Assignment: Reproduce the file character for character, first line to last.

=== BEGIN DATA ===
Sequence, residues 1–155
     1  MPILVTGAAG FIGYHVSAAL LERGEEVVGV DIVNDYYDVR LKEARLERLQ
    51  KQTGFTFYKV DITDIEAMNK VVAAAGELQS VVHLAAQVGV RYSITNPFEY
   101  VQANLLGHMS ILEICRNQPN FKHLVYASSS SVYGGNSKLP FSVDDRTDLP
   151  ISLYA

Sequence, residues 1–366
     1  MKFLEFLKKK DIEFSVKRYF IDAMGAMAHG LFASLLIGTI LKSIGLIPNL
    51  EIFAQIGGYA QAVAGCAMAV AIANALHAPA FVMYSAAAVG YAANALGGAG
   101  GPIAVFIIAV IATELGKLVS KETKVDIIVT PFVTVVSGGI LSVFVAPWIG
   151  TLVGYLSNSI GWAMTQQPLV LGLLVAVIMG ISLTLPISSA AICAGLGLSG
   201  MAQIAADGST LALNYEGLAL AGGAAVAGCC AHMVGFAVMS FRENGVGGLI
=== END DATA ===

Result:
Sequence, residues 1–155
     1  MPILVTGAAG FIGYHVSAAL LERGEEVVGV DIVNDYYDVR LKEARLERLQ
    51  KQTGFTFYKV DITDIEAMNK VVAAAGELQS VVHLAAQVGV RYSITNPFEY
   101  VQANLLGHMS ILEICRNQPN FKHLVYASSS SVYGGNSKLP FSVDDRTDLP
   151  ISLYA

Sequence, residues 1–366
     1  MKFLEFLKKK DIEFSVKRYF IDAMGAMAHG LFASLLIGTI LKSIGLIPNL
    51  EIFAQIGGYA QAVAGCAMAV AIANALHAPA FVMYSAAAVG YAANALGGAG
   101  GPIAVFIIAV IATELGKLVS KETKVDIIVT PFVTVVSGGI LSVFVAPWIG
   151  TLVGYLSNSI GWAMTQQPLV LGLLVAVIMG ISLTLPISSA AICAGLGLSG
   201  MAQIAADGST LALNYEGLAL AGGAAVAGCC AHMVGFAVMS FRENGVGGLI